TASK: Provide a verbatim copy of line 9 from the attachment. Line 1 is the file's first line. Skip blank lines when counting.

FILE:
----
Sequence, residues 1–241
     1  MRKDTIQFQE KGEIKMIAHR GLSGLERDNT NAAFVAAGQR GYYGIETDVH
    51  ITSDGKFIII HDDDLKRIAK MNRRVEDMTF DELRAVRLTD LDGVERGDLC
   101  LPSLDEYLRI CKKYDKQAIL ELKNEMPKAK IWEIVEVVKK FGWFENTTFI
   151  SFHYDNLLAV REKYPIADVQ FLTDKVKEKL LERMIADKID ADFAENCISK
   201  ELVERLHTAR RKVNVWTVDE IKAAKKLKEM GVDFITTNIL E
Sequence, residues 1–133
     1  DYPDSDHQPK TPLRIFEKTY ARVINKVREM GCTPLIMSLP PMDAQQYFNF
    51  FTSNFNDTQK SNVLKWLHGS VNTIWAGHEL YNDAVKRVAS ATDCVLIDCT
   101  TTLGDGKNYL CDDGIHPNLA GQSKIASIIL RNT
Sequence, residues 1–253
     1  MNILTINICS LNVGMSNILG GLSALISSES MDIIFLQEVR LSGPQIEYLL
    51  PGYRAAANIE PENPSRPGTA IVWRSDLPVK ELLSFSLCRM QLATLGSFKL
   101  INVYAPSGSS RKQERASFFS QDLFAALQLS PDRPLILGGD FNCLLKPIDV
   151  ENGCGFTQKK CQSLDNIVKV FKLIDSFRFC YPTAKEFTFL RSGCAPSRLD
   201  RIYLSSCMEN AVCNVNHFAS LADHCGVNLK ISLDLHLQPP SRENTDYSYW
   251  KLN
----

    51  FTSNFNDTQK SNVLKWLHGS VNTIWAGHEL YNDAVKRVAS ATDCVLIDCT